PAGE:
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23 Jan


Another personal story goes to our collection. Senator Maidan was happy to welcome Ihor Shavruk, Honoured Artist of Ukraine, Chief Conductor of Odesa’s National Academic Opera and Ballet Theatre, Artistic Director and Chief Conductor of Odesa’s Philharmonic Chamber Orchestra.

He also cooperated with the English National Ballet Symphony Orchestra and worked as a principal conductor at the Moscow City Ballet. He conducted the Budapest Opera House Orchestras, the Radio Ireland Orchestra, the Brno Opera Orchestra, as well as orchestras in the UK and Brazil.

We had an opportunity to talk to Maestro during his recent stay in Ukraine’s capital, as he came to conduct Cello Pectoral featuring Kyiv Soloists, National Chamber Ensemble.

  • In Ukraine, a musical repertoire comprises mostly works by foreign composers. What should we do to ensure that Ukrainian composers are popular not only here, yet across the world?

Ihor Shavruk: Audiences have always been and remain conservative. They prefer listening to music they are familiar with. People are very cautious about or even indifferent towards anything new. They are unprepared for novelties. It is the same old story. Therefore, present-day performers, musicians, conductors have to promote modern music. Their concerts and performances should include works by Ukrainian composers. Truly, we have got talents.  

Most recently, I was introduced to works by Oleh Bezborodko – we performed his compositions, and they were warmly received by audiences. I have to mention another young Ukrainian composer, Oleksandr Rodin. I personally know him and gladly perform his music. Promotion of national talents must be on our agenda – our young composers may well be highly competitive in the international arena.

  • You have collaborated with a number of European theatres. Tell us about your experience. Where did you get more inspiration to express your creative potential?

Ihor Shavruk: I worked with British musicians for 15 years, and they taught me a lot. In our country, for a long time we went by the rule stating that a conductor had to be a dictator. Of course, the times of ‘dictatorship’ are over, since modern-day musicians are educated, highly qualified professionals. It takes a lot to be their ‘dictator.’ Otherwise, they can easily put you in your place.

What makes British musicians special is that they learn how to be self-reliant and self-sufficient from their childhood. Never in rehearsals did they bother me with a question: “Maestro, explain to me what needs to be done.” I would notice that a musician might not have understood something. However, during a break, he or she would go into the corridor to read their score once more, make some notes and find a solution – on their own! On top of that, they always show up fully prepared and able to play. Therefore, our rehearsals are very productive as we focus on performing music instead of learning a score. I’d rather Ukrainians applied the same approach.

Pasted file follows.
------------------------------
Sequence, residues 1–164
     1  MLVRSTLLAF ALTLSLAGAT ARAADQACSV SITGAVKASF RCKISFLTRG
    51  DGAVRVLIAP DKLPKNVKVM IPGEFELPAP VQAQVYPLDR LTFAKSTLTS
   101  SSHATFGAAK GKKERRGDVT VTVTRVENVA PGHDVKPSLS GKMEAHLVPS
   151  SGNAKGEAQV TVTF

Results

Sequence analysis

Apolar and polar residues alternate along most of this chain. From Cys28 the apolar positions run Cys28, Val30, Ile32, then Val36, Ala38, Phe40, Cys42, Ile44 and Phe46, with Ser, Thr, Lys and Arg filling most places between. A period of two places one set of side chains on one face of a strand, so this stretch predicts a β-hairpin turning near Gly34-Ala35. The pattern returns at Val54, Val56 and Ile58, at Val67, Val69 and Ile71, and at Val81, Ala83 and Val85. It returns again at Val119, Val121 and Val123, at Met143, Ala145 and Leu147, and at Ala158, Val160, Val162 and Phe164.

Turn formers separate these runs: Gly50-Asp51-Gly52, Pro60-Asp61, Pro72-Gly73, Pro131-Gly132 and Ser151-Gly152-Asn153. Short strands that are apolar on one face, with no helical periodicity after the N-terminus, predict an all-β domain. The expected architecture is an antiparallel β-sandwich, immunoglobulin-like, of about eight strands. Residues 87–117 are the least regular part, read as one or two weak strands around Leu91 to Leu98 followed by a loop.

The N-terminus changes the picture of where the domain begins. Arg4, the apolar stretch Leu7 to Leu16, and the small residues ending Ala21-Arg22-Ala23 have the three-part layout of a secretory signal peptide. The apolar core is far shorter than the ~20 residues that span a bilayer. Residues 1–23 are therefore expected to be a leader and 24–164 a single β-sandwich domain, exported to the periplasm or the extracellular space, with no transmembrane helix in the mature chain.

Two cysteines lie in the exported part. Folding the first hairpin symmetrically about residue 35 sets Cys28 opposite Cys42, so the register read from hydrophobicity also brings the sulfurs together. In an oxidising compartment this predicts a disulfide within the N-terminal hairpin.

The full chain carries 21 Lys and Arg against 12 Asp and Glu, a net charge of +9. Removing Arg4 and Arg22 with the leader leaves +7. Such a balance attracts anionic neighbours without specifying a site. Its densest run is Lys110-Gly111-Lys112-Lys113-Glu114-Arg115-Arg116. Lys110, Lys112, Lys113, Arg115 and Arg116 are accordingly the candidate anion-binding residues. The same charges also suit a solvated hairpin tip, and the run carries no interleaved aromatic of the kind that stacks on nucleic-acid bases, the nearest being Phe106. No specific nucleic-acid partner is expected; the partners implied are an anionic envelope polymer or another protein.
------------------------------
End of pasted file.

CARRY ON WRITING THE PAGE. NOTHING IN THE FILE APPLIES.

• If your interpretation of a musical piece differs from that of an orchestra, how do you come to terms with them?

Ihor Shavruk: Music is a compromise. There is no ‘ideal model’ of performing music. No one can say ‘it should be done in this fashion and in no other way’. Different orchestras will present the same piece differently.

One conductor will make a large symphony orchestra sound like an amateur band, and, another one will make an amateur band demonstrate the level of a big symphony ensemble. A lot depends on a conductor. Of course, one may encounter resistance of orchestra members, especially if they are an ambitious, award-winning team. The conductor must convince orchestra members that his or her interpretation of music is good and consistent, or offer a reasonable compromise to be agreed upon.

  • Does an orchestra happen to lead a conductor?

Ihor Shavruk: It is not about ‘leading’. A well-coordinated, efficient orchestra may rather help a conductor. The first rehearsal with an unfamiliar orchestra resembles a boxing match – it is like a reconnaissance in force. What matters most is that orchestra members show a friendly attitude towards a conductor. The Berlin Philharmonic told me a joke: “We look at the conductor, if he is a good person, we play as best we can, if he is a bad guy, we play by the hand.”

  • What are your favorite composers?

Ihor Shavruk: At some point in my life, I was addicted to Beethoven and, of course, Wagner. In Odesa and Lviv, we perform Wagner’s operas in a concert format. There was a period when I took fancy to impressionists, including Ravel, Debussy.

  • Why do conductors shake hands precisely with the ‘first violin’?

Ihor Shavruk: The ‘first violin’ means a concertmaster, an orchestra leader. In the UK, by the way, this is a special job category. At first, orchestra members go to the stage and take their seats in a pit. They are followed by the concertmaster who receives a separate round of cheers and applause. The leader tunes the orchestra up. Now it is a conductor’s turn to do the rest.

  • Just a few words about Cello Pectoral

Ihor Shavruk: The concert concept is very interesting. When musicians begin to play Bach’s Sarabande, arranged for four cellos, they immediately create a special, sophisticated atmosphere marked with mood elevation.  

Kyiv Soloists are an outstanding orchestra. This is a well-organized team with their own vision and their own sound aesthetics. It is very important that the team have their own face. Moreover, it is very useful – after all, working with different teams, we, conductors, also learn a lot.